The Israeli military has launched a ground operation in Gaza to destroy the myriad tunnels that may have been used to smuggle weapons to Hamas. VOA's Zlatica Hoke reports that could mean more hardship for the people of Gaza, who obtain some of their essential supplies through these underground passages
Video

Video Israel Targets Gaza Supply Tunnels

The Israeli military has launched a ground operation in Gaza to destroy the myriad tunnels that may have been used to smuggle weapons to Hamas. VOA's Zlatica Hoke reports that could mean more hardship for the people of Gaza, who obtain some of their essential supplies through these underground passages
Video

Video MH17's 'Black Boxes' Could Reveal Crash Details

The government of Malaysia now has custody of the cockpit voice and flight data recorders from Malaysia Airlines Flight 17, which was hit by a missile over Ukraine before crashing last week. As VOA's Carolyn Presutti reports, the so-called black boxes may hold information about the final minutes of the flight.
Video

Video Living in the Shadows Panel Discussion

Following a screening of the new VOA documentary, "AIDS - Living in the Shadows," at the World AIDS conference in Melbourne, a panel discussed the film and how to combat the stigma associated with HIV/AIDS.
Video

Video IAEA: Iran Turns its Enriched Uranium Into Less Harmful Form

Iran has converted its stockpiles of enriched uranium into a less dangerous form that is more difficult to use for nuclear weapons, according to the United Nations’ Atomic Energy Agency. The move complies with an interim deal reached with Western powers on Iran's nuclear program last year, in exchange for easing of sanctions. Henry Ridgwell reports for VOA from London.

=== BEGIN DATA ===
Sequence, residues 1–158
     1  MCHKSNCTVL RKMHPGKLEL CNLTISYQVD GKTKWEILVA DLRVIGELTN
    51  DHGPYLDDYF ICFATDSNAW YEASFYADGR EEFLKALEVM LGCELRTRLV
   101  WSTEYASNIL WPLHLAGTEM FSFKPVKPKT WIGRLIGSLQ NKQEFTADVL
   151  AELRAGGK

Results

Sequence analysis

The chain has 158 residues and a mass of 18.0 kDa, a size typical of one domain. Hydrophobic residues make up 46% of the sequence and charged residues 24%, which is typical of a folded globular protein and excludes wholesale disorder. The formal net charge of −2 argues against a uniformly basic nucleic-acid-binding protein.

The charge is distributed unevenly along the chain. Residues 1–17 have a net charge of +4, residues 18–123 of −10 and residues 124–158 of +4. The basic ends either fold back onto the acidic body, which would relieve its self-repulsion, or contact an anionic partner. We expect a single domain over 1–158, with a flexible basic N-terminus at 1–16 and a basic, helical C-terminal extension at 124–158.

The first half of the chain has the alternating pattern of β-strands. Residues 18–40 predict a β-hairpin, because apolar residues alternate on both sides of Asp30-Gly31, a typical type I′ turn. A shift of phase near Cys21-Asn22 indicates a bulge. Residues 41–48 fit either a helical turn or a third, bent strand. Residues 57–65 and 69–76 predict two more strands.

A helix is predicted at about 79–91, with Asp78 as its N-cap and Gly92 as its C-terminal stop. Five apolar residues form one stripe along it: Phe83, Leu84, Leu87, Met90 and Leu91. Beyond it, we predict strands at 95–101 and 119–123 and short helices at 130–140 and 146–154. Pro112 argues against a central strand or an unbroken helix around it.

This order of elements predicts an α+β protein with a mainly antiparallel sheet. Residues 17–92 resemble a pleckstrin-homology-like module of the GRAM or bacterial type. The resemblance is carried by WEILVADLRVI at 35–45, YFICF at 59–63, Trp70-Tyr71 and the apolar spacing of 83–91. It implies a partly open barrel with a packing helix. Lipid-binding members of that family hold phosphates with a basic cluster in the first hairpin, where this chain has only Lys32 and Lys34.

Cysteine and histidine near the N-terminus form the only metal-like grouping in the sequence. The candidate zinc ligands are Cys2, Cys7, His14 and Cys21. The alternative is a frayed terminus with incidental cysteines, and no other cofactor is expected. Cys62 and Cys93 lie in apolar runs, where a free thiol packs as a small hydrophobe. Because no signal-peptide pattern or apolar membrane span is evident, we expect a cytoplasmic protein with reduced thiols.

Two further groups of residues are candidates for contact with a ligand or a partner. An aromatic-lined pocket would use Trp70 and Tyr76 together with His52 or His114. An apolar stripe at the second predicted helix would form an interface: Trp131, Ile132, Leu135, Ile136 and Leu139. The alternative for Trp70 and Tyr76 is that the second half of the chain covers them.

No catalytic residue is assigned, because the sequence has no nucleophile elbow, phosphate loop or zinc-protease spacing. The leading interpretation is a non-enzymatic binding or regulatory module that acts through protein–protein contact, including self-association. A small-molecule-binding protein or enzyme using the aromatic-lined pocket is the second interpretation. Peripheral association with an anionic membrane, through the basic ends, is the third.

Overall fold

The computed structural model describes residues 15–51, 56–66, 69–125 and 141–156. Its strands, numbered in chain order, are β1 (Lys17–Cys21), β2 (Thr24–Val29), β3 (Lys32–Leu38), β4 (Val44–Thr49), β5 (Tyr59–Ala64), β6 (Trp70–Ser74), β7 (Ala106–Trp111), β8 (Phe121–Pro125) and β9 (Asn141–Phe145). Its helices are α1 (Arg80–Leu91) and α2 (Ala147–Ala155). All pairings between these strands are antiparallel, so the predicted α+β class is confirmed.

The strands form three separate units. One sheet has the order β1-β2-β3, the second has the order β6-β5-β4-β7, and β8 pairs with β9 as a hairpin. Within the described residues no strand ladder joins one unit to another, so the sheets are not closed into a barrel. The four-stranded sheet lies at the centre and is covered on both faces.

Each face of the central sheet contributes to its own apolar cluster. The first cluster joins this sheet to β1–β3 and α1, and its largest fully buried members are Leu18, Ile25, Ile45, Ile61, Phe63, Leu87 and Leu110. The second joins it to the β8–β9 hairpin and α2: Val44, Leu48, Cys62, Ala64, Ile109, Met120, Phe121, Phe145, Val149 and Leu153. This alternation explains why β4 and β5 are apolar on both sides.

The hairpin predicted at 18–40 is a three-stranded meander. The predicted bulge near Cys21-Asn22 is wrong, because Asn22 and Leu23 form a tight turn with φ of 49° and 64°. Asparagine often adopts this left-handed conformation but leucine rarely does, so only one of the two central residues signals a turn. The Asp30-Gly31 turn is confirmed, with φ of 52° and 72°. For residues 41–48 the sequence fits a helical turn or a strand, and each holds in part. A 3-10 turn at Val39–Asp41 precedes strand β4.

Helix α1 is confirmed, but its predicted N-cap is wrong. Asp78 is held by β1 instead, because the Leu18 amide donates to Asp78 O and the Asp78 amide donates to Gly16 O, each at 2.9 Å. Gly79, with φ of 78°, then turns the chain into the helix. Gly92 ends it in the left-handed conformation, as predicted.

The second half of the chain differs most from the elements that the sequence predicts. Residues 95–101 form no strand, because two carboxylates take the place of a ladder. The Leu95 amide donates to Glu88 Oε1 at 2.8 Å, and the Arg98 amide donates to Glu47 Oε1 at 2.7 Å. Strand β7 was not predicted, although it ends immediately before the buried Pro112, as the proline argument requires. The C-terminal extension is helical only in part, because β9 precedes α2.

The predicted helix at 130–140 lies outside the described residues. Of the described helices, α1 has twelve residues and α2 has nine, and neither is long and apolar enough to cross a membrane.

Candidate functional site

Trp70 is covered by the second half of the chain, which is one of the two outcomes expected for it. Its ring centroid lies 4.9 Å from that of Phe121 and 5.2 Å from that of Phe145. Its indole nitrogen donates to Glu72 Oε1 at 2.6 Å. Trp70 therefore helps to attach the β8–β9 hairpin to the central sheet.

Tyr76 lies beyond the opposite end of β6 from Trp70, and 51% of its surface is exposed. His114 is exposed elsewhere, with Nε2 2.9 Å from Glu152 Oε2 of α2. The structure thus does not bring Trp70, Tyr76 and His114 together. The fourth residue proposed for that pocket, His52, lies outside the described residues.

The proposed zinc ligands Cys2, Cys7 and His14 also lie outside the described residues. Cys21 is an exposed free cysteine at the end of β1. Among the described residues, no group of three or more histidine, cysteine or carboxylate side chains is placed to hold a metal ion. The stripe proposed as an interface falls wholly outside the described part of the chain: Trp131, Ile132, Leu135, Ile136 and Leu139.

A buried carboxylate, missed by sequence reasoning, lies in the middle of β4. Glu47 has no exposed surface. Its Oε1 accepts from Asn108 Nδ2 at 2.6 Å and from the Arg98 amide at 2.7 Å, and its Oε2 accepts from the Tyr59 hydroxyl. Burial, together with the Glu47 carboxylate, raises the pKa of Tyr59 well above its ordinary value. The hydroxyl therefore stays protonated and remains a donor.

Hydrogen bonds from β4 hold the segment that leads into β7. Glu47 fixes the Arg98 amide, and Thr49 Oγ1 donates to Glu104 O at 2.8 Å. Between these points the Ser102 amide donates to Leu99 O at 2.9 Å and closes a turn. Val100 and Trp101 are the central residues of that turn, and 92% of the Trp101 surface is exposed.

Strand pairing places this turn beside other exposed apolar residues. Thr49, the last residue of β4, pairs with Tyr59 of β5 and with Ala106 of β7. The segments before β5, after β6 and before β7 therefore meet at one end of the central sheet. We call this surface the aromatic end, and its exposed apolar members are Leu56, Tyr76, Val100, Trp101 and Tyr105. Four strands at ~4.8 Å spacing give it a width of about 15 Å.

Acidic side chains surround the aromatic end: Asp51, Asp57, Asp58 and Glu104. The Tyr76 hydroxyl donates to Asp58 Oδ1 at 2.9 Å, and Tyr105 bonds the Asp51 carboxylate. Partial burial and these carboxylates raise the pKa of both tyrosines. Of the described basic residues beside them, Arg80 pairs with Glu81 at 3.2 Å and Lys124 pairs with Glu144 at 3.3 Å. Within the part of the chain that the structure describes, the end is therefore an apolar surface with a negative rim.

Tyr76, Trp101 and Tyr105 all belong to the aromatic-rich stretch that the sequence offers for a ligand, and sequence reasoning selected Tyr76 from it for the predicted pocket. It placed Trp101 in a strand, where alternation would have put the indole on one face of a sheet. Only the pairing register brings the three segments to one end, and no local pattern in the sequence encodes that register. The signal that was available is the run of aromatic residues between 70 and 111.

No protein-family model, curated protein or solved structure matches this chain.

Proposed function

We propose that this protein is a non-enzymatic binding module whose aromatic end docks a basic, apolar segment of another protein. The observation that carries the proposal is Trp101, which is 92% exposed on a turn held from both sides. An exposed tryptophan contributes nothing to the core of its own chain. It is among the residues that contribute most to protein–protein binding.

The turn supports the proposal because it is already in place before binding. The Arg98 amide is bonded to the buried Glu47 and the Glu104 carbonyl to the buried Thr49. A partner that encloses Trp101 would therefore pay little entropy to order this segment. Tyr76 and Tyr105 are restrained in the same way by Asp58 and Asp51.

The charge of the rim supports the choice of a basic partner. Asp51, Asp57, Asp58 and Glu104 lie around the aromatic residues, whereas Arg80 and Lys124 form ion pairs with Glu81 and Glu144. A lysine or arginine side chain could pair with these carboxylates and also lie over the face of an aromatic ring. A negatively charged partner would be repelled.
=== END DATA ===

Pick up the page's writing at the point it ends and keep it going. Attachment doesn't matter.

Video

Video Relic of Saint Draws Catholics Worried About Immigration Issue

A Roman Catholic saint who is a figure of devotion for those crossing the border into the United States is attracting believers concerned about the plight of undocumented immigrants. Mike O'Sullivan reports from Los Angeles, where a relic of Saint Toribio has drawn thousands to local churches.
Video

Video US Awards Medal of Honor for Heroics in Bloodiest of Afghan Battles

U.S. combat troops are withdrawing from Afghanistan, on pace to leave the country by the end of this year. But on Monday, U.S. President Barack Obama took time to honor a soldier whose actions while under fire in Afghanistan earned him the Medal of Honor. VOA's Jeff Seldin has more from the Pentagon.
Video

Video Ukraine Rebels Surrender MH17 Black Boxes

After days of negotiations, a senior separatist leader handed over two black boxes from an airliner downed over eastern Ukraine to Malaysian experts early Tuesday. While on Monday, the U.N. Security Council unanimously demanded that armed groups controlling the crash site allow safe and unrestricted access to the wreckage.
Video

Video In Cambodia, HIV Diagnosis Brings Deadly Shame

Although HIV/AIDS is now a treatable condition, a positive diagnosis is still a life altering experience. In Cambodia, people living with HIV are often disowned by friends, family and the community. This humiliation can be unbearable. We bring you one Cambodian woman’s struggle to overcome a life tragedy and her own HIV positive diagnosis.

AppleAndroid